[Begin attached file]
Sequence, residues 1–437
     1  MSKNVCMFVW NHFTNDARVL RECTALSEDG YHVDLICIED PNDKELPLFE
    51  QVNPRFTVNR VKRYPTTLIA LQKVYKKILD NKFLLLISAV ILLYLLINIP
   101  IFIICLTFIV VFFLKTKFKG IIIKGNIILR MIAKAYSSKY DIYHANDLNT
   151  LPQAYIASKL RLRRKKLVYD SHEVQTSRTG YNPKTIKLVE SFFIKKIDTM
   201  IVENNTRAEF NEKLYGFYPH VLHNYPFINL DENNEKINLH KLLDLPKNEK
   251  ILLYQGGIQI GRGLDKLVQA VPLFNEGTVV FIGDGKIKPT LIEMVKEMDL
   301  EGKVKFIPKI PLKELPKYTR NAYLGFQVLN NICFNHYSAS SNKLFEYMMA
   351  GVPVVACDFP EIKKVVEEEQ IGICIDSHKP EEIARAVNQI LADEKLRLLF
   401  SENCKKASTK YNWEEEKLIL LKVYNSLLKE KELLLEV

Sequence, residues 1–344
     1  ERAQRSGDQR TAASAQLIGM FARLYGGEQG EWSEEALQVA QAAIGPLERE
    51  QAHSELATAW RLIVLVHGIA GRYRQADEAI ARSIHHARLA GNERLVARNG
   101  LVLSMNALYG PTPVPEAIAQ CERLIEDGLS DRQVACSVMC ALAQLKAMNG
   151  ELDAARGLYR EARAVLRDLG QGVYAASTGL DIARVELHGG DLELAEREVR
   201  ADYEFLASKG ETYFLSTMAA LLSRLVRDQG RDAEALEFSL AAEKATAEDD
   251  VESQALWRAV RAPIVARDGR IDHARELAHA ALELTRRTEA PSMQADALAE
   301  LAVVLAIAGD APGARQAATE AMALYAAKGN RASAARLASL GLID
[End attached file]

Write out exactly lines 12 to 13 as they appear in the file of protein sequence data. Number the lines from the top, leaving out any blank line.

     1  ERAQRSGDQR TAASAQLIGM FARLYGGEQG EWSEEALQVA QAAIGPLERE
    51  QAHSELATAW RLIVLVHGIA GRYRQADEAI ARSIHHARLA GNERLVARNG